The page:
Kirsty McLuckie: Going Dutch on moving in

Buying and selling a property often coincides with other milestones in life. Coupling-up, having children or losing an elderly relative can all have a major effect on your family dynamic, your finances and your property requirements.

The announcement of your first bouncing bundle of joy, for example, means that your days in a one-bedroom flat will probably be numbered. The arrival of kid number-three or four might prompt you to consider a loft conversion to make space for all.

And, in a market with a scarcity of available homes, someone passing away – whilst sad – at least could provide an opportunity for a bereft buyer looking to move into a popular neighbourhood.

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There is a great line in the 1989 film When Harry Met Sally which proposes combining newspaper announcements of the recently deceased with a property advert.

Image: Adobe StockImage: Adobe Stock
Image: Adobe Stock

Billy Crystal, as Harry, says: “They should put the two sections together, real estate and obituaries. ‘Mr. Klein died today leaving a wife, two children, and a spacious three-bedroom apartment with a wood-burning fireplace’."

But, 30 years on, with rising prices putting home ownership out of reach for many young people, perhaps it is the matching, rather than the hatching or dispatching, sections of the personal ads which should concern someone wanting to buy their first property.

Higher mortgage rates and squeezed budgets mean just 37 per cent of first-time buyers taking out a mortgage now are purchasing solo, according to data from Halifax, with 63 per cent of first-time mortgages being taken out in joint names.

This is a huge change compared to 2014, when 57 per cent of buyers bought on their own.

This decline in the proportion of young people purchasing their first property alone may also be a reflection of the rise in the age of first-time buyers. After all, if we aren’t buying until our 30s, we are more likely to be settled in a long-term relationship.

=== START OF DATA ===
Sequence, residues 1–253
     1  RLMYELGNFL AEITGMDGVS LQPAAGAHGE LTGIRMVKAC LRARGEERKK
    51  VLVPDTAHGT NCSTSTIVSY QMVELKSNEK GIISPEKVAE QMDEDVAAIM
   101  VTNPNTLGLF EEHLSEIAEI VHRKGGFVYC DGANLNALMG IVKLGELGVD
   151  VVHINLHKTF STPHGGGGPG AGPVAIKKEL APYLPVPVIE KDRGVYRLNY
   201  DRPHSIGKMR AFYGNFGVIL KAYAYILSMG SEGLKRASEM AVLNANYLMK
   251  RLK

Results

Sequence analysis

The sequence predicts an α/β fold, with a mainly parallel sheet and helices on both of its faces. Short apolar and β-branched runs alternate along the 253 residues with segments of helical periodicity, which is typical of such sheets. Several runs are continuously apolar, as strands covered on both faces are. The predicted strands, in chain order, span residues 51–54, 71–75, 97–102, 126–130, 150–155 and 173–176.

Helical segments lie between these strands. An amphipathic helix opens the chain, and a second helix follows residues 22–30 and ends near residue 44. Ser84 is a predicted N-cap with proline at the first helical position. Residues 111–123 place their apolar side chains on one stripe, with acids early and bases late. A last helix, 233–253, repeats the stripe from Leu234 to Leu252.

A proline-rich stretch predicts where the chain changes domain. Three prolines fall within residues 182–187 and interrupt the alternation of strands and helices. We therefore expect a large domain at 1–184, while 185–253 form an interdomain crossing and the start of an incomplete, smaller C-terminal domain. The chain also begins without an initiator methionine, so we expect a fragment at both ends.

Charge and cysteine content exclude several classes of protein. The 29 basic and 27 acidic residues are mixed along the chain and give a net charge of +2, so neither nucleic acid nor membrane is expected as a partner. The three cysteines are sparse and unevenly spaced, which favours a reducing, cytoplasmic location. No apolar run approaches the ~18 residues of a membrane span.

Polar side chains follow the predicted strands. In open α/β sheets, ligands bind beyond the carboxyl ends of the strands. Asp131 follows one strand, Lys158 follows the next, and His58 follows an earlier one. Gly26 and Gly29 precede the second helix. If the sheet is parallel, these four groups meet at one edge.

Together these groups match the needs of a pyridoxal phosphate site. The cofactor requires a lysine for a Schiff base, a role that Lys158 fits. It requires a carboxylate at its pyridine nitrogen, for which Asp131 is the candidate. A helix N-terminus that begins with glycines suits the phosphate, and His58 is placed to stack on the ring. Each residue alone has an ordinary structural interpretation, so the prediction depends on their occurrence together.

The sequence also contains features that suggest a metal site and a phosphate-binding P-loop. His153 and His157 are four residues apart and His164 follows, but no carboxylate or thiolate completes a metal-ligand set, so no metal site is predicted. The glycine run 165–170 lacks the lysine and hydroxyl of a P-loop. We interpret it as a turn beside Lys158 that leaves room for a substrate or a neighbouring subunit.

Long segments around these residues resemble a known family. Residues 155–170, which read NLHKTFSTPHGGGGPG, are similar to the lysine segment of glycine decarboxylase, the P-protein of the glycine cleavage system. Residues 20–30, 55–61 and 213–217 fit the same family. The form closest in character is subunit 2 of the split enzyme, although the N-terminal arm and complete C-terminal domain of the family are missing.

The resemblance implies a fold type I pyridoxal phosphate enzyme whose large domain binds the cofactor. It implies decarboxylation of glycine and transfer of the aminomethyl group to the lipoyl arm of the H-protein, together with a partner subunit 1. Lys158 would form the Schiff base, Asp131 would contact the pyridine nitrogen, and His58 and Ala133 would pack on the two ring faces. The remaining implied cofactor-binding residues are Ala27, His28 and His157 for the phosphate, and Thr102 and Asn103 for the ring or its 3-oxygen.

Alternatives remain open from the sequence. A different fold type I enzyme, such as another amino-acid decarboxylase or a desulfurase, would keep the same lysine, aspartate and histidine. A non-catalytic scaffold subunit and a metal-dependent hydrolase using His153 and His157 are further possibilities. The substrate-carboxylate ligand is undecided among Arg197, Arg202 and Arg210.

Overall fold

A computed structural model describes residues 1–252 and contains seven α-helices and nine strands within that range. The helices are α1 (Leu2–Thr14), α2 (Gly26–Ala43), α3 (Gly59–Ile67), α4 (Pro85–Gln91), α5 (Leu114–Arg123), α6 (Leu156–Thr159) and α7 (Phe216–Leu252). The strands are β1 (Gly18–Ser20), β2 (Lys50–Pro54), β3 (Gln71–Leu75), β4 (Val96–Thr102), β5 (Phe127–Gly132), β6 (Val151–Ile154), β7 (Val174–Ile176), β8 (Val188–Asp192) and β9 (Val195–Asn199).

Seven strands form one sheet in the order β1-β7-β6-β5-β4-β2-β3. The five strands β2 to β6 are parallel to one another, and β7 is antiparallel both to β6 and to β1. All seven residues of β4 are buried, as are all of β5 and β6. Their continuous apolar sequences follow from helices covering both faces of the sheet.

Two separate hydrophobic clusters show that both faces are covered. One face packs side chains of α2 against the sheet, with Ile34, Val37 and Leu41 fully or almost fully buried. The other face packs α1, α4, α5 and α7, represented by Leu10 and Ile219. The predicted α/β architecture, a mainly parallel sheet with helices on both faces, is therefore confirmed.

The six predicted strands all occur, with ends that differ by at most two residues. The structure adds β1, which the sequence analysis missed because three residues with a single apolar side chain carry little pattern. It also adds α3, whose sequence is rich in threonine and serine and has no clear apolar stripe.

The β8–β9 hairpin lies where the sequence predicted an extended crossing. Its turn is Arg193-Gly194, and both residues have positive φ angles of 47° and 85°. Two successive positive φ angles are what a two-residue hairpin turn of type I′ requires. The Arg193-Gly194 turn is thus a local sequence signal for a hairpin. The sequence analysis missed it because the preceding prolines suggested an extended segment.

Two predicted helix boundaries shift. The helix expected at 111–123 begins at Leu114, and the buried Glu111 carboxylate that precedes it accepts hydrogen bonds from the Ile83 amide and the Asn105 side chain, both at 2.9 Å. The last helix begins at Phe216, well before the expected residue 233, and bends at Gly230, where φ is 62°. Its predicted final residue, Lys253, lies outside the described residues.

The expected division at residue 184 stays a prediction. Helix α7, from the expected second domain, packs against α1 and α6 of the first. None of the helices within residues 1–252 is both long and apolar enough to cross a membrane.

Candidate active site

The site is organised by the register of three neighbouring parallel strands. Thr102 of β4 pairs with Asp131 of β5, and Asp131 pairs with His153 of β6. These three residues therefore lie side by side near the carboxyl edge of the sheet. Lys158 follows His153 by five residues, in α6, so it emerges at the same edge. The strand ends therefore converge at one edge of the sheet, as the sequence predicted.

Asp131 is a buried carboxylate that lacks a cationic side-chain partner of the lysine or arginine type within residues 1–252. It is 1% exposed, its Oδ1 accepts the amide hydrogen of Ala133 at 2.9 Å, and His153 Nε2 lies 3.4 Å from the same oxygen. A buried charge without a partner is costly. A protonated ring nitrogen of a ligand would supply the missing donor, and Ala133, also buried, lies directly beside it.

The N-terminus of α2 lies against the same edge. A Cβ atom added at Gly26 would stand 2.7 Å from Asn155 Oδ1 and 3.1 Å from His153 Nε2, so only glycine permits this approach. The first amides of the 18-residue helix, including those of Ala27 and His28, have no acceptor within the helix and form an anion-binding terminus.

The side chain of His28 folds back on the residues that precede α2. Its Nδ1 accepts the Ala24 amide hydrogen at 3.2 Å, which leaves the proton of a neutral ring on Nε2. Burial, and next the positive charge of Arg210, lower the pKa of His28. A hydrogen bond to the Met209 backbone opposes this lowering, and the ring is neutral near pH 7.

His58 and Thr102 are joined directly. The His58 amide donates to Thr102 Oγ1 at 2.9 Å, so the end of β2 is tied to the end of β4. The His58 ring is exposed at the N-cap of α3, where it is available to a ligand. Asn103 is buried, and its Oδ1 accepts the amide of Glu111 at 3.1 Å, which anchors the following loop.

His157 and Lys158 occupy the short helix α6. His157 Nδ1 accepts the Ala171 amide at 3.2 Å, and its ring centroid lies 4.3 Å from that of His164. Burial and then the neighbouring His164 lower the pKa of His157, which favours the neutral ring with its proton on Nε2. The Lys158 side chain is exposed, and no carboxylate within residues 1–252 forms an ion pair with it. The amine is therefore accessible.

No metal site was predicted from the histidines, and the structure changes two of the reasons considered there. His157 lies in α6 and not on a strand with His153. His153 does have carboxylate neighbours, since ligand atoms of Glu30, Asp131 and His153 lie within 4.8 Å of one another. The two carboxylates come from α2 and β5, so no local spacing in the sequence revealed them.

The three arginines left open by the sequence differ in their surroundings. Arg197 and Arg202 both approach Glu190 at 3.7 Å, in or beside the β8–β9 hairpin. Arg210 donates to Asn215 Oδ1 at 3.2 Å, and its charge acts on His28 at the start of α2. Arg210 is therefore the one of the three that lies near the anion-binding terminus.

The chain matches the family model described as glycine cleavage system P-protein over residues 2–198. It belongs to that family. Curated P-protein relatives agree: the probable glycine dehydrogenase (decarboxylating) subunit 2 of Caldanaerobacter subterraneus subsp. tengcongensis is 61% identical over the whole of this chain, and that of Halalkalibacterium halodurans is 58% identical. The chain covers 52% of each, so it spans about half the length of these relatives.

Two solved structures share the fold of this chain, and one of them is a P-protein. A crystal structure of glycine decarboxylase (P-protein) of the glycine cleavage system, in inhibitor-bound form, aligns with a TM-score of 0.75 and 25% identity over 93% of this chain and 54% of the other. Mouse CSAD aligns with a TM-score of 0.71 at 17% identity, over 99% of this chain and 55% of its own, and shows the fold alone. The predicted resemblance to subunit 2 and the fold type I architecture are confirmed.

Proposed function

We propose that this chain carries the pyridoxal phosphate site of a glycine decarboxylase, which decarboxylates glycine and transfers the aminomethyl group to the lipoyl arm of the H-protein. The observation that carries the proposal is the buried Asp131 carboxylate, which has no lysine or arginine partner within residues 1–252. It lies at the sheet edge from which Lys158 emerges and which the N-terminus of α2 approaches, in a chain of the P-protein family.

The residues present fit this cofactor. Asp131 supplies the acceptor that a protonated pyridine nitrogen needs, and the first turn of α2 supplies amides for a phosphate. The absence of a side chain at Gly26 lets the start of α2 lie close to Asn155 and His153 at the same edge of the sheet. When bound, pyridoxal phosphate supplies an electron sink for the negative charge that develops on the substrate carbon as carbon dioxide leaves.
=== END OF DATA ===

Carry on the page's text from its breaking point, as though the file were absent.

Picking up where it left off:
But such a flip in the numbers – in under a decade – shows how difficult it is to get on the property ladder solo, with salary to house price ratios diverging across the UK. Getting a mortgage of about four or even five times your salary for one person on, say, £30,000 a year, is not going to afford much in Scotland, particularly in the Central Belt.

But doubling your purchasing budget – with Mr or Ms Right included in the bid – opens up many property possibilities.

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With that in mind, maybe your dating profile should mention your excellent credit score and the impressive size of your deposit.

To a fellow FTB it could prove a lot more attractive than a mere GSOH.

For those who would like to invest in a home before or without finding a life partner, there is another route.

Scots law allows friends or family members to buy as joint owners, meaning you each own a percentage of the property separately, and it doesn’t need to be an equal split.

A legal document setting out when to sell, how much notice is needed, and how much of the proceeds each party receives should make it a fairly straightforward process.

So if you trust a pal, and can bear to live together, it’s bound to be less of a minefield than a rom-com route.

- Kirsty McLuckie is property editor at The Scotsman

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